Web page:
Review of the Day: Someone Named Eva (Part Two)
Distinguishing between "nice" and "good" proves to be difficult for most adults I know. Imagine how much harder it would be for a child who misses her mother and has a loving enemy there to give her whatever she wants. If for no other reason, Wolf allows her book to explore a moral ambiguity here that will undoubtedly lead to interesting conversations on the playground. Eva’s new family consists of Nazis so they’re evil, right? Except, look at how much they love her and want her to love them back. Look at how they wrestle and play and laugh. Look too at what their jobs are and what they’re trying to destroy. Any book that makes a child ask what makes a person good or bad is worth giving them to read. "Someone Named Eva" makes sure to skip all easy answers.
My mind makes me pair books together. That’s just how it works. And at some point, mid-way through a read of "Someone Named Eva", I realized that this book should be paired alongside The Night of the Burning: Devorah’s Story by Linda Press Wulf. Both take place during WWII, and they deal with very different adoption journeys. You could create an entire reading unit out of these two books alone. It’s almost as if they were made for one another, so perfectly to they complement and contrast one another’s themes. Before you do that, however, you must read this book first. It’s Joan M. Wolf’s first book for children, and I want it to get a proper amount of attention. Books like this one don’t write themselves. For a good jolt of historical fiction to the brain, "Someone Named Eva" may well be one of the smartest books of the year.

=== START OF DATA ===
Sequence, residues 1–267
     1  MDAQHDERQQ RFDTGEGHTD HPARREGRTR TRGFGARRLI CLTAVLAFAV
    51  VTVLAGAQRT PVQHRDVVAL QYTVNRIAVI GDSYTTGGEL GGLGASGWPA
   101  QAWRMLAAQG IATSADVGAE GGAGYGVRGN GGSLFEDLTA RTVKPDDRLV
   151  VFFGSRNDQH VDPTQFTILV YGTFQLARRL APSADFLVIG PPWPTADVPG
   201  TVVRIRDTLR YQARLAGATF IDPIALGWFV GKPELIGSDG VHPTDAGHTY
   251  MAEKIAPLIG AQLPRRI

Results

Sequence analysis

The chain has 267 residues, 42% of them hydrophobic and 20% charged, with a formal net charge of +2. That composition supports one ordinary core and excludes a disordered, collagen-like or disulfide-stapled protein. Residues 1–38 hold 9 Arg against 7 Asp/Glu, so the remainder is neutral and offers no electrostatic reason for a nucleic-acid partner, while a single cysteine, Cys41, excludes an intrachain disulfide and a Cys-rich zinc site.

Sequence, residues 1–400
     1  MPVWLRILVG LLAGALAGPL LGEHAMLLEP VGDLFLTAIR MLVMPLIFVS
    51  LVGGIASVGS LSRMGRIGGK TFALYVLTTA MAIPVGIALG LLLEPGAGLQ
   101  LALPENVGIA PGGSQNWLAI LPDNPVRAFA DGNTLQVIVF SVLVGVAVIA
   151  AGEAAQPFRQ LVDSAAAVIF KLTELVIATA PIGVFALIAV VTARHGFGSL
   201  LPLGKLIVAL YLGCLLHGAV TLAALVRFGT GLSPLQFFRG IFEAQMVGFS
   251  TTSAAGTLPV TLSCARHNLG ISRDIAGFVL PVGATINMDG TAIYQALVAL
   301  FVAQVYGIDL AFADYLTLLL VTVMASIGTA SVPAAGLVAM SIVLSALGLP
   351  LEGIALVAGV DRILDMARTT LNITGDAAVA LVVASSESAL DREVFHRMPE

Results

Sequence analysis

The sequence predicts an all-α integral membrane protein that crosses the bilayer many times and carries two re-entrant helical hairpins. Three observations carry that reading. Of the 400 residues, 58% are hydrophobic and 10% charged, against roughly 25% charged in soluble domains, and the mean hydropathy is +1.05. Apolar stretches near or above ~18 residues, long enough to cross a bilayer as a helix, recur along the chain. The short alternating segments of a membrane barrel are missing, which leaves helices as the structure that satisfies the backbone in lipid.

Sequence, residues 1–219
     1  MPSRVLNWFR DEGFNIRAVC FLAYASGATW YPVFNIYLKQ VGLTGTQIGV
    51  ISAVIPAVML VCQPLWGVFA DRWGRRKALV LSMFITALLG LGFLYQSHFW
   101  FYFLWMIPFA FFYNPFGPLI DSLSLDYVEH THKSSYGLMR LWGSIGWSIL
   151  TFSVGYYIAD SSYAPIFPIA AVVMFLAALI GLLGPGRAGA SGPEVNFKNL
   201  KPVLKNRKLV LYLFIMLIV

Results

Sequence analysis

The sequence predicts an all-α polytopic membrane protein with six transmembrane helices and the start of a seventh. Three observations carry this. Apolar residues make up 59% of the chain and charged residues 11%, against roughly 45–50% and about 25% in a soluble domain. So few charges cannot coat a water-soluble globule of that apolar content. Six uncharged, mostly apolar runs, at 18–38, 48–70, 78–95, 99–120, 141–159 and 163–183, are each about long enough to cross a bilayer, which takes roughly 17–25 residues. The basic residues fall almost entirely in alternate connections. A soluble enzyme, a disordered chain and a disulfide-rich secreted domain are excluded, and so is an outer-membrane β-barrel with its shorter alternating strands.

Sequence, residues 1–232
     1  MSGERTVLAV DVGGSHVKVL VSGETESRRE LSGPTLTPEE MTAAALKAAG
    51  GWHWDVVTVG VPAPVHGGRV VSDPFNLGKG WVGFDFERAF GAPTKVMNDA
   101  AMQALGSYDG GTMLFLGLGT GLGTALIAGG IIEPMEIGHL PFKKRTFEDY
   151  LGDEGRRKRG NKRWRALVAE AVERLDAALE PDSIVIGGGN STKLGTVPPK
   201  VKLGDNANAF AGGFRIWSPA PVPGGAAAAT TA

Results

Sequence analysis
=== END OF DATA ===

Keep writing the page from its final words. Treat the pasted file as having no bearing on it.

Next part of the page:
Notes on the Cover: My co-worker doesn’t like it. She says it gives the wrong impression of the book. I might agree except that I find it rather striking. The harsh light hitting Milada on her right cheek seems part spotlight, part interrogator’s weapon. I appreciated that she wasn’t an uncommonly attractive child. As for the Nazi flag in the background, it doesn’t need to do any more than just hang there limply. For it to be any more prominent would be to throw the whole composition out of whack. The illustration is by a Mr. Eric Bowman who, as you can see from his website here, has done WWII images before. More to the point, he has a fine WWII kidlit cover background. Check out his version of Snow Treasure (another WWII book involving kids who aren’t Jewish) as well as Gail Carson Levine’s Two Princesses of Bamarre. Yes, I think I like this cover. The stark nature of it intrigues me more than anything else. And say what my co-worker will, she was the first person to look at the book, coo, and then read it cover to cover.
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About Betsy Bird
Betsy Bird is currently the Collection Development Manager of the Evanston Public Library system and a former Materials Specialist for New York Public Library. She has served on Newbery, written for Horn Book, and has done other lovely little things that she'd love to tell you about but that she's sure you'd find more interesting to hear of in person. Her opinions are her own and do not reflect those of EPL, SLJ, or any of the other acronyms you might be able to name. Follow her on Twitter: @fuseeight.
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